Placement: Stanford University
Mentor: Sara J. Singer, M.B.A., Ph.D., Professor of Medicine, Department of Medicine, Stanford School of Medicine; Professor, Stanford Graduate School of Business (by courtesy); Professor, Freeman Spogli Institute for International Studies (by courtesy); Stanford Health Policy Associate, Stanford School of Medicine
Co-mentor: Nirav R. Shah, M.D., M.P.H., Senior Scholar, Stanford University School of Medicine
Project: An Investigation of Approaches to Improve the Adoption and Efficacy of Patient-Facing Digital Health
Lucy Orr-Ewing is a 2023–24 U.K. Harkness Fellow in Health Care Policy and Practice. She is currently the head of strategy for the Federated Data Platform Programme, the UK’s largest investment into its data infrastructure. Prior, she was chief of staff to the director of technology policy for the National Health Service (NHS) in England and the NHS and the Department of Health and Social Care, where she convened more than 200 portfolios of work into one strategy, the Digital Health and Care Plan, and delivered the NHS’ first HealthTech Summit. Orr-Ewing is an active advocate of digital health and its potential to alleviate financial and capacity pressures, and to deliver affordable, equitable access to care: as an evaluator for Digital Health London’s startup accelerator program, an advisor to early-stage HealthTech ventures, a convener of a Women in HealthTech community, and a member of multiple government advisory groups. Before joining the NHS, she focused on building digital ventures, including her own, FastFutures, a digital skills program that supported more than 10,000 underrepresented young people into work. She is particularly interested in improving collaboration between the public and private sector and is committed to enacting policy and behavioral change for innovation to have its greatest impact.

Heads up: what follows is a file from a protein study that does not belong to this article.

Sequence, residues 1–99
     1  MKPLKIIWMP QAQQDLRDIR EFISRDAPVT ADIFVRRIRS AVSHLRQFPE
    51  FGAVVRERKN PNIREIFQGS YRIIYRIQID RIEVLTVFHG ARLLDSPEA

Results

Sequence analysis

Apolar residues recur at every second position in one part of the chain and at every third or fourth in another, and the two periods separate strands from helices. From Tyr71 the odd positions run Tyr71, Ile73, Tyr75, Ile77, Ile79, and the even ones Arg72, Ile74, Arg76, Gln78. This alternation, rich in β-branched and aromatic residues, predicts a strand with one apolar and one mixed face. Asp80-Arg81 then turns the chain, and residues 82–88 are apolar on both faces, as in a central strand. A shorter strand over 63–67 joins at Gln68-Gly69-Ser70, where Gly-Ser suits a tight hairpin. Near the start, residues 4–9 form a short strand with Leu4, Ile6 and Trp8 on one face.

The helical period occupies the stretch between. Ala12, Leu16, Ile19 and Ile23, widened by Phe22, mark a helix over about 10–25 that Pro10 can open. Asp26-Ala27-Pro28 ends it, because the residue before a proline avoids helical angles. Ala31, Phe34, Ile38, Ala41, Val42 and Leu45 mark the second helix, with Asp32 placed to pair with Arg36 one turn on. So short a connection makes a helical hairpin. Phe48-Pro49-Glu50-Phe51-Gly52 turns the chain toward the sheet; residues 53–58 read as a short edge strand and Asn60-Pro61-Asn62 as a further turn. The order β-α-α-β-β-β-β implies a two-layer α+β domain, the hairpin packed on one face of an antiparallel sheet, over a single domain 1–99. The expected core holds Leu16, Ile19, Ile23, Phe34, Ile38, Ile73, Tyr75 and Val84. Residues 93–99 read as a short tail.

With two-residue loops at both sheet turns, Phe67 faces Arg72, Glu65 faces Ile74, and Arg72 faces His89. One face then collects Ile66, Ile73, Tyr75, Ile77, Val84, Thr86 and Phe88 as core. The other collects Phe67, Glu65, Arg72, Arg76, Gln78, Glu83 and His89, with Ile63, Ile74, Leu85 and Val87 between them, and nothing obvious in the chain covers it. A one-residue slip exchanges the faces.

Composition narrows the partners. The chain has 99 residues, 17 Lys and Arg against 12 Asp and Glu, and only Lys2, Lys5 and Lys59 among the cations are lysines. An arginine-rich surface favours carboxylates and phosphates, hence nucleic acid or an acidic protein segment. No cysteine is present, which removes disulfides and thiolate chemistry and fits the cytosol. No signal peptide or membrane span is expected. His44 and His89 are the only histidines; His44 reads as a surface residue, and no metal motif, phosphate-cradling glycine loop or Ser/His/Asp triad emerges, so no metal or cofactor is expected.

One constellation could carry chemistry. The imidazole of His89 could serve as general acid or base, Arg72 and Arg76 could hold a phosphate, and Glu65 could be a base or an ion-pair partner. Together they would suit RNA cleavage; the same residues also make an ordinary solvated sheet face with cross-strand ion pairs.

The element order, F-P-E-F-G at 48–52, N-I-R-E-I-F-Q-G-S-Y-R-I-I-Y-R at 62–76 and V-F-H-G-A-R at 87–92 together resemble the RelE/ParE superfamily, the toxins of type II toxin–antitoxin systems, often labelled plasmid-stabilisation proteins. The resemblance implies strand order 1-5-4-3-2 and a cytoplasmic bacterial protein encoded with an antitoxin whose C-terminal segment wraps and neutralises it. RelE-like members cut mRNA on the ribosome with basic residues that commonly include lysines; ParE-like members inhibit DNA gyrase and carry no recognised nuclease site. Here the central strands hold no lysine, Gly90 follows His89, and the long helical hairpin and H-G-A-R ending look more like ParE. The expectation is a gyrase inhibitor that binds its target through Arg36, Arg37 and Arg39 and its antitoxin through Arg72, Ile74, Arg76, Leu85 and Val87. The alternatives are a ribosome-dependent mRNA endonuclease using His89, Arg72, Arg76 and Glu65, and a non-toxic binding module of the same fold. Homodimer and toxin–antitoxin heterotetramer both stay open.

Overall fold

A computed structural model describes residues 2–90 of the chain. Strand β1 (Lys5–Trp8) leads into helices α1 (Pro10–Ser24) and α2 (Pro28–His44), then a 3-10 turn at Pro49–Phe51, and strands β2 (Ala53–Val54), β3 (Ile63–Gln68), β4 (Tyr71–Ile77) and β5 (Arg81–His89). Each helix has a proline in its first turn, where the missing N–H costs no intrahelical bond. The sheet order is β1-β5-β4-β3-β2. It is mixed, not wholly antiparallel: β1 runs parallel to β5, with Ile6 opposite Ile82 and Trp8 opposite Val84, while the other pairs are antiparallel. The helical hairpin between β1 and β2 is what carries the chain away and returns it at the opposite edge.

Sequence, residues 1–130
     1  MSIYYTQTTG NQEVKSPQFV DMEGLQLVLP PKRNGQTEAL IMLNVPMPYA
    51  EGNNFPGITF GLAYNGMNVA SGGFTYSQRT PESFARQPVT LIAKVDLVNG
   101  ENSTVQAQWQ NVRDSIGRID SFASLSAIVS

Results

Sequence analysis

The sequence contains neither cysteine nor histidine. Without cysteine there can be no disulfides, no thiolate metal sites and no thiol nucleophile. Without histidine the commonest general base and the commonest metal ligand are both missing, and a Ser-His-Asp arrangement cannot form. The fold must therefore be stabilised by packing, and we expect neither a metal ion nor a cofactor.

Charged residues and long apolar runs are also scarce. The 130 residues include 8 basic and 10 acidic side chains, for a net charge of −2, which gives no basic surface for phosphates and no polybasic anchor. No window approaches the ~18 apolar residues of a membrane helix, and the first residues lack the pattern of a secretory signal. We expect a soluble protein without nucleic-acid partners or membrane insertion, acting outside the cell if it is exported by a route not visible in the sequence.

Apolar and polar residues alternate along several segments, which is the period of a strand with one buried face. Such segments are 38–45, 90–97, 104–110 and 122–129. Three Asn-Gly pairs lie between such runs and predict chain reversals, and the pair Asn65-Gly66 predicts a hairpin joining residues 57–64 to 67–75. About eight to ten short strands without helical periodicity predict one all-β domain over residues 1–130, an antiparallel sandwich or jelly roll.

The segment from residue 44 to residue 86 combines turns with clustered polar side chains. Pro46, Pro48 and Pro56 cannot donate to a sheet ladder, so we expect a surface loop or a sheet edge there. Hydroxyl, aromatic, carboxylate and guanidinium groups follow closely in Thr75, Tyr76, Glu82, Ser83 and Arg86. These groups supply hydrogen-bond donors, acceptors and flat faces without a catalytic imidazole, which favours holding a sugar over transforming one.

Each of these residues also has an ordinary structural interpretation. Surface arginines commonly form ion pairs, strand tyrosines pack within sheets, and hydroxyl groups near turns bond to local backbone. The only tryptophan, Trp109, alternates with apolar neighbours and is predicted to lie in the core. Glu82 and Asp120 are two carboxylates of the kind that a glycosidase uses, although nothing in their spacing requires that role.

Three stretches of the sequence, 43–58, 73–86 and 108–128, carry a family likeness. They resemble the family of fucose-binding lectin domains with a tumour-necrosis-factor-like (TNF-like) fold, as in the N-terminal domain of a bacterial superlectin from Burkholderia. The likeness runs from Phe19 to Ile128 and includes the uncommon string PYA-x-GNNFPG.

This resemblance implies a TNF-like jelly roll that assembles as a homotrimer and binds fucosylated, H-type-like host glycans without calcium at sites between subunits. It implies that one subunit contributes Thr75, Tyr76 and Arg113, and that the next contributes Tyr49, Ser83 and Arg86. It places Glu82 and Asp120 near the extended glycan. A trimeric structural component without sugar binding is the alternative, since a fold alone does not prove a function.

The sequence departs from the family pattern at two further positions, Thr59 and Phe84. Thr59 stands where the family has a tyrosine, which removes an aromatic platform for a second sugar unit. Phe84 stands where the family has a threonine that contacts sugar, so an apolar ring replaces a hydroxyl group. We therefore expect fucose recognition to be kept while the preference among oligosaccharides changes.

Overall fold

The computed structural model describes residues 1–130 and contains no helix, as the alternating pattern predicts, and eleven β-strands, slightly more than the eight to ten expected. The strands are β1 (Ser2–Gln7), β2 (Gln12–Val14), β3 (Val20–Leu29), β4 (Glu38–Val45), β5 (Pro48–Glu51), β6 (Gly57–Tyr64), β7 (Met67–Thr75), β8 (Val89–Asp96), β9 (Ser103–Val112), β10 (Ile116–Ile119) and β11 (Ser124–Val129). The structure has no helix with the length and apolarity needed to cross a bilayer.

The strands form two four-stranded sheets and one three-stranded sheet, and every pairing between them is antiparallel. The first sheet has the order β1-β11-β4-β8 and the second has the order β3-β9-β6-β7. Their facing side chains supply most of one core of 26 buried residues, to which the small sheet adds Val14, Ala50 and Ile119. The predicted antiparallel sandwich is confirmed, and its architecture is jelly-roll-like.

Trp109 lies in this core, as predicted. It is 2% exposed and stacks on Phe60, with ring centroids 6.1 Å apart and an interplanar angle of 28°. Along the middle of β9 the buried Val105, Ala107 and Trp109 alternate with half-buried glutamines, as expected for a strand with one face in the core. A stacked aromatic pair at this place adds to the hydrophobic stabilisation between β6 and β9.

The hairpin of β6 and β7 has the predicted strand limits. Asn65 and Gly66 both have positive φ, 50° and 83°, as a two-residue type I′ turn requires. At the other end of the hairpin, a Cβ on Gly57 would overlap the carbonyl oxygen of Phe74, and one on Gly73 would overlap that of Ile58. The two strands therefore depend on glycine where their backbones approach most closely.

Project Overview: For more than a decade, digital technology has promised to improve many aspects of health and social care provision and to transform a sector that is increasingly struggling with the need to do more with less funding. If implemented effectively, digital health offers opportunities for: the system to scale limited resources; providers to reduce their costs; improved patient outcomes; individuals to improve their user experience and be empowered to manage their own health; and allow more equitable and universal access to quality health and care for underserved populations. But despite considerable progress attributable to the pandemic, and unprecedented investment into the sector (2021: $29.1bn globally), digital health adoption remains variable.
This research will take a strengths-based and case study approach to evaluating the positive outliers of successful digital health adoption, primarily analyzing U.S. health systems’ uptake of digital health therapeutics (DHTs) and drawing in best-in-class global examples when appropriate. This study will examine which regulatory, assessment, incentivization, and adoption support policy interventions have resulted in higher uptake of DHTs, and will analyze and propose, where possible: strategies and approaches for integrating technology and innovation more effectively into clinical workflow and patient pathways; novel approaches for cost-effective evidence generation (for the evidence base to be a compelling change impetus for commissioners, clinicians, patients); optimal state or federal health-tech assessments; and a closer correlation between DHT venture funding and clinical robustness.